11th July 2011 - News release


The Parkinsonís Disease Foundation has announced awards totalling more than $1 million for 11 novel research projects, which they claim are "designed to understand the cause(s) of and find a cure for Parkinsonís disease." The research ranges from basic science investigations  to studies of potential new therapies and symptomatic relief. For more information go to the News Release.

The primary cause of Parkinson's Disease is the insufficient formation of dopamine in the dopaminergic neurons, which are the brain cells specialised in producing dopamine. Yet most of the projects are quite remote from this basic biochemistry of Parkinson's Disease. One of them aims at studying "the role of norepinephrine" and "the potential of norepinephrine-targeted therapies to treat" Parkinson's Disease. However, norepinephrine is not produced by the cells affected in Parkinson's Disease, and the formation or lack of formation of norepinephrine has never been shown to cause Parkinson's Disease. Another project is to assess "the role of the mitochondria in Parkinsonís" Disease using "Transparent Zebrafish". The mitochondria is the energy producing part of all brain cells. It is not directly involved in dopamine formation, and its deficiency has never been shown to cause Parkinson's Disease. Another project concerns the  "Identification of Genes for Parkinson's Disease in an Isolated Greek Community". However, genetic mutations have only ever been proven to make Parkinson's Disease more likely in a small number of people. Other studies include looking at the use of "Electrical Stimulation", "Identification of Neuroprotective Factors in Tobacco", generating "interest in Parkinsonís research and patient care among basic scientists and clinicians", and "Small Aromatic Molecules as Novel Inhibitors of Alpha-Synuclein Aggregation". In order to refer to this article on its own click here.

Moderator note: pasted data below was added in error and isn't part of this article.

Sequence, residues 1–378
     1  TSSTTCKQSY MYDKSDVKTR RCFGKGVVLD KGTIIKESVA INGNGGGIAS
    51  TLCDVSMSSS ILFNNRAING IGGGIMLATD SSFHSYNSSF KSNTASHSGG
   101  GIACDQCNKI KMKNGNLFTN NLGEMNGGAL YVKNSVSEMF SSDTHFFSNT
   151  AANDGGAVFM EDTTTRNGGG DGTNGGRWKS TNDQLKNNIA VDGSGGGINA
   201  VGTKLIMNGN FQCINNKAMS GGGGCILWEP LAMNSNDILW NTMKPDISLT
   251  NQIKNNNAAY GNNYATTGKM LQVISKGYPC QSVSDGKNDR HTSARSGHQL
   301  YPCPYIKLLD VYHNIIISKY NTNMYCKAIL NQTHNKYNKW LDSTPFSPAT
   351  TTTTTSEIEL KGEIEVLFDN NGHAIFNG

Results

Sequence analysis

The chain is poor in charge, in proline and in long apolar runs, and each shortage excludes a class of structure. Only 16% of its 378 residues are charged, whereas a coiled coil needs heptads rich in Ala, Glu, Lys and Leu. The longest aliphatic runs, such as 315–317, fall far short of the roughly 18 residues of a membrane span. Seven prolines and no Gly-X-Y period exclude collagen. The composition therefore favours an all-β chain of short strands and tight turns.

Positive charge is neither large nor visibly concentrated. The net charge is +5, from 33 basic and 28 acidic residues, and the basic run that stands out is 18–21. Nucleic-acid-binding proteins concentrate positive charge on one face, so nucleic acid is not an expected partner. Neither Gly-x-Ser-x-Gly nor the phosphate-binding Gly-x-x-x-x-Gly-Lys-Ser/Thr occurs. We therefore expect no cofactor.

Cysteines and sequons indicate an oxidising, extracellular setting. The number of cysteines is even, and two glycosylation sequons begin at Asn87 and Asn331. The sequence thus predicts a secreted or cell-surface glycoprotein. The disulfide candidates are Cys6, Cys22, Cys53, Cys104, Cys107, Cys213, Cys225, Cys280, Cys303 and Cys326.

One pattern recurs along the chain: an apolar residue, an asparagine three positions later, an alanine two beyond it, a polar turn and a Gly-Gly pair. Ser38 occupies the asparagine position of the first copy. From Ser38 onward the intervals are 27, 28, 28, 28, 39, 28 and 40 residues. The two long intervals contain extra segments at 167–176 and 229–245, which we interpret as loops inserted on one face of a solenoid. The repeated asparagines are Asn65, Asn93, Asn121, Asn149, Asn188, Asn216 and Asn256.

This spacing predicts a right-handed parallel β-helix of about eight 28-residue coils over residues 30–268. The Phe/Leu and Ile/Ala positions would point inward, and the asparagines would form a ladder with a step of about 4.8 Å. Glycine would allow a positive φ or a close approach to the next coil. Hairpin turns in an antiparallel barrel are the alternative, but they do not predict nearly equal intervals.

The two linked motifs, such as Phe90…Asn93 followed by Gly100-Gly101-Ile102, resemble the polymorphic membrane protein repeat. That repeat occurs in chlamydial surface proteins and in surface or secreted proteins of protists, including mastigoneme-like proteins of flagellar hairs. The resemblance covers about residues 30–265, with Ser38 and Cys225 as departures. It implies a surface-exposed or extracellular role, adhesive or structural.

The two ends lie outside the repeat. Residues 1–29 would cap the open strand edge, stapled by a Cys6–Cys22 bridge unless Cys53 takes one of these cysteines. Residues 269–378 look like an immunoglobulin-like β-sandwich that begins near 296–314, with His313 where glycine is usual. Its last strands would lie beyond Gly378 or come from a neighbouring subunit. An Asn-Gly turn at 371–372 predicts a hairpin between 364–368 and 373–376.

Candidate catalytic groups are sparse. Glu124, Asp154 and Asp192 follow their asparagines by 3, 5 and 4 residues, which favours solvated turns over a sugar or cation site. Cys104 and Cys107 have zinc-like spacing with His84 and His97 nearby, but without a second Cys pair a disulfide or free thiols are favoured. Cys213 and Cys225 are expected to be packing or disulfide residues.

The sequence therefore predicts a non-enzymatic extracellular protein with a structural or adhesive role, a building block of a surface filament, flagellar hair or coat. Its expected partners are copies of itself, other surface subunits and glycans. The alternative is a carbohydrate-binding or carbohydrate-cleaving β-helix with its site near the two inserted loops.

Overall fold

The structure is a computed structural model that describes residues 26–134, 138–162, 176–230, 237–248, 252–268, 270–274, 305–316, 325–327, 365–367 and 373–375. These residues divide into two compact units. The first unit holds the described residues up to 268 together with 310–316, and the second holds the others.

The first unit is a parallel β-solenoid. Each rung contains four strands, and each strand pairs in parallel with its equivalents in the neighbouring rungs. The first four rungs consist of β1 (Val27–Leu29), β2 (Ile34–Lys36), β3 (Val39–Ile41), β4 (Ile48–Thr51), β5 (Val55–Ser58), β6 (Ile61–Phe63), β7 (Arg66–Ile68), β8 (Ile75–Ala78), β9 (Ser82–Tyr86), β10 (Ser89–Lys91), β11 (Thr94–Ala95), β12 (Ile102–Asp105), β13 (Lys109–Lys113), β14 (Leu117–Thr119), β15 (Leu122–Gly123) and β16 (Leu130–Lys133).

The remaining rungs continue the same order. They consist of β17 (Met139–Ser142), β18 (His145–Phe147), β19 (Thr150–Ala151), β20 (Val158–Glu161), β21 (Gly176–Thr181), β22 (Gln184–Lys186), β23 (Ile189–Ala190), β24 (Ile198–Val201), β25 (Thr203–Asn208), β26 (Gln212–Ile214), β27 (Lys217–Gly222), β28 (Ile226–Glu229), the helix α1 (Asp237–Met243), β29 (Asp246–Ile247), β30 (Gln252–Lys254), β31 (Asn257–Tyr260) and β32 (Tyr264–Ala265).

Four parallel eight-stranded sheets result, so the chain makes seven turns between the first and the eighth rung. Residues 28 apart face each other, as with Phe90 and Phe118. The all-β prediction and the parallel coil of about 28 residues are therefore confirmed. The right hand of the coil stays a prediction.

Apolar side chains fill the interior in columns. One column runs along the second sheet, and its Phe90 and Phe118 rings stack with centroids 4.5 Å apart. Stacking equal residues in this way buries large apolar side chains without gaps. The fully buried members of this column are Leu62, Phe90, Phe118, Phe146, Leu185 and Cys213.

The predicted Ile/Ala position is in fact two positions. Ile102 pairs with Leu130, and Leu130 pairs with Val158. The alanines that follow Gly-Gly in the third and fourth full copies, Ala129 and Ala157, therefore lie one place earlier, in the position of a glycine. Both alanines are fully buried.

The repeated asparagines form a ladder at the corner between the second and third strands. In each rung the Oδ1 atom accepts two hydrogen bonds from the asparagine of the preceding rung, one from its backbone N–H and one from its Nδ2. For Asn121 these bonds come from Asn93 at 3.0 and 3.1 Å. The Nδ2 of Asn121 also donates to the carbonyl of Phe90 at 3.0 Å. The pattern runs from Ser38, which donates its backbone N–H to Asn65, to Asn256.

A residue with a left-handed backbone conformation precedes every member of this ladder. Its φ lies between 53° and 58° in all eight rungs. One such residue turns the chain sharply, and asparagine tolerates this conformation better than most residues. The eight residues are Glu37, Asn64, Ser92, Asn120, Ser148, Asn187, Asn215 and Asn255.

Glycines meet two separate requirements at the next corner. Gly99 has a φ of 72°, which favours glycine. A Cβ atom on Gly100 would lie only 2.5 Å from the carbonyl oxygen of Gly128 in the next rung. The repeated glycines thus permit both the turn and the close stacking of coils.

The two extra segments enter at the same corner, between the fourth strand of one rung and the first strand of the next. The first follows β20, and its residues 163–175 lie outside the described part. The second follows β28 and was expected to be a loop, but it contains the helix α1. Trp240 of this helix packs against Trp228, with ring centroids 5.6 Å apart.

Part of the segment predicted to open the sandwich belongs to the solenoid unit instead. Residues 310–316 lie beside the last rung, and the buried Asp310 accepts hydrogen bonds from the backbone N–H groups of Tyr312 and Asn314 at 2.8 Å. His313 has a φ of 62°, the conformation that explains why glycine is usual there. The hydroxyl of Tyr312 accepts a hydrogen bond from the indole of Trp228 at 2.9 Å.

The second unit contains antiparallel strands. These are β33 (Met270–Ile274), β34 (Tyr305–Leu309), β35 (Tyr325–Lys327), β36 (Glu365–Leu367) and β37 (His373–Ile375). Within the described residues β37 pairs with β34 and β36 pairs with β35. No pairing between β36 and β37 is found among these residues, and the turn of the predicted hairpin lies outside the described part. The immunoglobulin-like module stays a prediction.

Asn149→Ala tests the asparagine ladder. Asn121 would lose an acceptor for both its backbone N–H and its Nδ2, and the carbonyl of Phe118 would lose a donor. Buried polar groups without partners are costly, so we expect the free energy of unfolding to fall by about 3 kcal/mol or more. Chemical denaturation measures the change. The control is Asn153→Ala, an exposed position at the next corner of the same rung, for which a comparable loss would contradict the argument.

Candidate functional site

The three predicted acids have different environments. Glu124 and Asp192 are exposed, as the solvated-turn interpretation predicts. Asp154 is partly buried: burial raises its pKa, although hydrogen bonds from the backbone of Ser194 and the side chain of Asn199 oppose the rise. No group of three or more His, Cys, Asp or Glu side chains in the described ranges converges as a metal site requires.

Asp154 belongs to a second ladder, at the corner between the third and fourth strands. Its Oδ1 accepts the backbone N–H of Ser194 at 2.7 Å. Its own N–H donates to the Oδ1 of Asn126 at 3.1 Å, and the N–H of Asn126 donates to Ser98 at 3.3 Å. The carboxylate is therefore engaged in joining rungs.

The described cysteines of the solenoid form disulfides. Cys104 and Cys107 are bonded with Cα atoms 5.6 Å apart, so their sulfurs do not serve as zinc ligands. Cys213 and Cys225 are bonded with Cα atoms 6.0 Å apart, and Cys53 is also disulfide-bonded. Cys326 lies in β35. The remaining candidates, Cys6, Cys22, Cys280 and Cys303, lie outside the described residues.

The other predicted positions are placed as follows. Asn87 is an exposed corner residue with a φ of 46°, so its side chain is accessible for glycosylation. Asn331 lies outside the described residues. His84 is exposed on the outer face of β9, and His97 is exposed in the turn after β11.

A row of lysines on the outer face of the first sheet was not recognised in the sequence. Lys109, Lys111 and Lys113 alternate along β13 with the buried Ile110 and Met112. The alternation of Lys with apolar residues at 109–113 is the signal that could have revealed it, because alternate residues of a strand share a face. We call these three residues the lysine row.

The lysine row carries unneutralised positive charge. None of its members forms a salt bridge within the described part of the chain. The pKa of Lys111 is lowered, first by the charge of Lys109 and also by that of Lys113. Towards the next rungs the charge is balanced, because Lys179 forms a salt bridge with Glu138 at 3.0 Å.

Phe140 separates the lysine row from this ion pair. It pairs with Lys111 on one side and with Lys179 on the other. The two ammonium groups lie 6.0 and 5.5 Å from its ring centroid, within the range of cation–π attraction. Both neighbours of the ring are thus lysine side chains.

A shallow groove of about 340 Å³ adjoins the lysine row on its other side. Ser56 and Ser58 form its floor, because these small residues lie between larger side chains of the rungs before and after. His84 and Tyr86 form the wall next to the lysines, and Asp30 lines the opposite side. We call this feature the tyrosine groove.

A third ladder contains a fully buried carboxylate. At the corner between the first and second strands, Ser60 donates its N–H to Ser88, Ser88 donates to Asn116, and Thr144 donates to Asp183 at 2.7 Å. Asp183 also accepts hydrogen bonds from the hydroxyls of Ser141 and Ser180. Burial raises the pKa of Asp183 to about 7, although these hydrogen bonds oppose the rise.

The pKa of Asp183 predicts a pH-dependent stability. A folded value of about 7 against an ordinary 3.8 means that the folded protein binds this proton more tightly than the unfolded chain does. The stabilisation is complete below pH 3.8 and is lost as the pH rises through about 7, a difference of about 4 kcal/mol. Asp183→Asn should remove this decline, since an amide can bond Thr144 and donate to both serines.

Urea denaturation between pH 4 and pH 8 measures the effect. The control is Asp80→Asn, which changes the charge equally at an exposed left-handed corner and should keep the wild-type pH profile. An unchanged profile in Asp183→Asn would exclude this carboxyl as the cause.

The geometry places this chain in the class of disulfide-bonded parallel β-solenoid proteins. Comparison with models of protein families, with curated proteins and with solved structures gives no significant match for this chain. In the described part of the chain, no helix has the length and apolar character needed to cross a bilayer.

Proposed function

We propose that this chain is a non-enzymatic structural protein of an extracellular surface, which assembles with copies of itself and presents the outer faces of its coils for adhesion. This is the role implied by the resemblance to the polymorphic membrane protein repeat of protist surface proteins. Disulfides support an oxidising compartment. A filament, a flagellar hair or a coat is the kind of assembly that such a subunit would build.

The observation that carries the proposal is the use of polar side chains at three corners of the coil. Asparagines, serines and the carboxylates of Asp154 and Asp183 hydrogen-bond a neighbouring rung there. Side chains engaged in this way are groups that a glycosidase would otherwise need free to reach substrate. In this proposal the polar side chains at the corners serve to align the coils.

3rd July 2011 - New research


Parkinsonism Related Disorders [2011] Jun 27 [Epub ahead of print]  (Valadas A, Coelho M, Mestre T, Guedes LC, Finisterra M, Noronha A, Rosa MM, Sampaio C, Ferreira JJ.) Complete abstract

Limited data is available regarding the motivations and concerns of people with Parkinson's Disease when participating in clinical trials. Knowledge of these factors may improve the recruitment and quality of future trials.